How Airline Loyalty Programs Are Changing

Spirit Airlines’ Free Spirit loyalty program targets leisure travelers.
Credit: Spirit Airlines

Airline loyalty programs have become about more than merely accumulating miles. Creative promotions, partnerships and out-of-the-box thinking are being employed to assure frequent flyer members they are valued and to provide novel redemption opportunities.

The airline global alliances, meanwhile, are stepping up to extend these new approaches to their cross-partner loyalty programs. Star Alliance director-loyalty Renato Ramos told ATW that Star has aligned with some of its member airlines so their award miles can be considered as status miles, allowing customers to keep their tier levels until they can resume their normal travel patterns. Many airlines have followed suit to protect and extend status into 2022.

For example, Air Canada, a founding Star member, has assured its Aeroplan Elite Status members their status will be protected and extended until the end of 2022 while also providing the opportunity to accelerate their status qualification. Alaska Airlines, which joined oneworld in April, gave its Mileage Plan members a head start toward 2022 elite status by enabling them to earn 50% more elite-qualifying miles on Alaska flights through June 30, 2021.

United Airlines, another Star founding airline, is offering new promotions, such as Pick Your Path, that let eligible MileagePlus Premier members fast track their premier status or earn bonus miles.

Cathay Pacific Airways, a oneworld founding member, told ATW that its Asia Miles program now has an extended Miles Plus Cash payment option to oneworld partner airline flight bookings.

“This will benefit more members, allowing them to engage with the program even if they have fewer miles,” Cathay said. “With a minimum 5,000 miles per transaction, they can book any flight they want; they will have better control of their miles and be able to spend their miles at their own pace.”

The SkyTeam alliance is focused on safety and rebuilding customer confidence through its SkyCare&Protect program. SkyTeam CEO Kristin Colvile told ATW that the program is an “alliance-wide pledge to health and hygiene measures, combined with innovative digital technology, to deliver the safest and most seamless travel experience.”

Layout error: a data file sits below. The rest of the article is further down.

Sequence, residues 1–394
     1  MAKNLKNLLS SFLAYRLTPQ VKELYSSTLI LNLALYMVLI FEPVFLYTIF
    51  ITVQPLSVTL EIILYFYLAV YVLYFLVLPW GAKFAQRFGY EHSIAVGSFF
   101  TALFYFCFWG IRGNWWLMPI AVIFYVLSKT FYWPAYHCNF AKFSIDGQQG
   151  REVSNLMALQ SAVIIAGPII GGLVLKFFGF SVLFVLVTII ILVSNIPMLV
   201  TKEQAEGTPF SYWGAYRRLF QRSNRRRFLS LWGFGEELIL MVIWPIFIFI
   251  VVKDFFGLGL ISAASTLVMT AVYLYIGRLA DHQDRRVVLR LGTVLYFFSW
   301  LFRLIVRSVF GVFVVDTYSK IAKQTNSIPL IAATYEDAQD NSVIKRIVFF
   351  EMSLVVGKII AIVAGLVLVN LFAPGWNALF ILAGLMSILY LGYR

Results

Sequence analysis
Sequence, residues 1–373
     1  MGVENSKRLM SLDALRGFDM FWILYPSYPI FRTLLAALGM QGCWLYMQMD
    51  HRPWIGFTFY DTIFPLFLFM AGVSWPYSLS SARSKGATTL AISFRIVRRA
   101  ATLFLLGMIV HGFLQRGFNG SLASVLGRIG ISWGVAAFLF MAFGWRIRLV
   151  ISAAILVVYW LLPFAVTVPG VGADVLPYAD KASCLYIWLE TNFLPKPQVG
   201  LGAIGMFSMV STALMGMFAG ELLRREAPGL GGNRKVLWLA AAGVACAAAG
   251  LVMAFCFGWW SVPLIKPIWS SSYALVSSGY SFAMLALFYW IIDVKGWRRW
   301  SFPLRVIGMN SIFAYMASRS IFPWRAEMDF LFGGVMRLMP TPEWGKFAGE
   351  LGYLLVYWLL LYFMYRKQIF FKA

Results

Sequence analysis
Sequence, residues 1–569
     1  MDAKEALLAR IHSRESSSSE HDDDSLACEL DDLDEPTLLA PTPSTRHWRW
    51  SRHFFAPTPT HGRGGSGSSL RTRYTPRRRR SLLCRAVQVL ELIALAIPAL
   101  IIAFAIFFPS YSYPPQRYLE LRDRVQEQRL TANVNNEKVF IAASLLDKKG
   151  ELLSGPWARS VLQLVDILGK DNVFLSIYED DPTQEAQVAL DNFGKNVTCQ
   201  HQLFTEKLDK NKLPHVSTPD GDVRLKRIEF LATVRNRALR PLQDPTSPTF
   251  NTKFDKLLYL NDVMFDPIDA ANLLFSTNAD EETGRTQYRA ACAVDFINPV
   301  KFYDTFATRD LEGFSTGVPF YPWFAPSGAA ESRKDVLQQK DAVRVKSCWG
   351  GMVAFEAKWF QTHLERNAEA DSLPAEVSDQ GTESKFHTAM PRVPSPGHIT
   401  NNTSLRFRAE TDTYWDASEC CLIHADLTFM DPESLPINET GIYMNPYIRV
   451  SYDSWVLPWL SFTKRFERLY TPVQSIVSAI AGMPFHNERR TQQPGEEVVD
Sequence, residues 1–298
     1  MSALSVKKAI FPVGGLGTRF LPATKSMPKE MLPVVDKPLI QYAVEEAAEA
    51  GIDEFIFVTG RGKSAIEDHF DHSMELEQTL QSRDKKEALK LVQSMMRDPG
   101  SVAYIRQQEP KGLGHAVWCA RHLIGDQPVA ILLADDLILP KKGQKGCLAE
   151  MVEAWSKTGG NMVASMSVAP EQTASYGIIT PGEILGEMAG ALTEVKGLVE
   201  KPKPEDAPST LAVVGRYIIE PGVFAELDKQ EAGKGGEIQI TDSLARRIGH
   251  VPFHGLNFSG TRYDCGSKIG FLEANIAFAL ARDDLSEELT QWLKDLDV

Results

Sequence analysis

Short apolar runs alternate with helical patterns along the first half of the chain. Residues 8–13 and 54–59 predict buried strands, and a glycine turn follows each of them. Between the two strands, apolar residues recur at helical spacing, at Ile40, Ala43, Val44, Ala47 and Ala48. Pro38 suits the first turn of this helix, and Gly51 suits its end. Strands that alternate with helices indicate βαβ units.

The program includes information on member airlines’ health safety protocols, a testing labs locator tool and a travel checker to find current information about travel restrictions and rules.

Airline Programs
Finnair Plus members can use the ePassi app to pay in points for services from thousands of Finnish merchants.
Credit: Finnair


Some loyalty programs are getting more creative about partnerships. Air Canada’s Aeroplan announced a partnership with Starbucks in which members can link their Aeroplan account to a Starbucks Rewards account and double dip by earning both Aeroplan points and Starbucks Stars at participating Starbucks locations throughout Canada.

Oneworld member American Airlines has enabled its AAdvantage members to redeem miles to order an at-home COVID-19 testing kit via LetsGetChecked, one of American’s testing partners. The preflight testing program covers nine countries and any US city, state or territory that has COVID-19 travel restrictions. Upgrades to first and business class can also be confirmed with miles, and members can reserve preferred and main cabin extra seats with miles on most fares.

Oneworld member Finnair’s Plus loyalty program has begun a partnership with the ePassi app, a mobile payments provider with 25,000 merchants in Finland. The partnership enables Finnair Plus members to buy services from over 15,000 sports, culture and well-being providers.

“Later in 2021, restaurants will also be available with points,” Finnair said. “Currently, Finnair Plus members can pay the total sum for a service in points and later it will be possible to combine points and money.”

Earlier this year, Florida-based ULCC Spirit Airlines, which is not affiliated with any alliance, relaunched its Free Spirit loyalty program by partnering with Mastercard to present a virtual concert by country music artist Brett Young at Fort Lauderdale-Hollywood International Airport. Young began the concert, “Live from the Runway,” aboard the carrier’s newest Airbus A320neo before moving outside, and the show was streamed live online.

Spirit Airlines head of loyalty and co-brand Sid Krishna told ATW the concert served as a way to announce the loyalty program’s shift from miles to points. Everyone attending the concert was given 100 Free Spirit points to show how quickly points add up and how easy it is to redeem them, which can be done for every fare on every flight.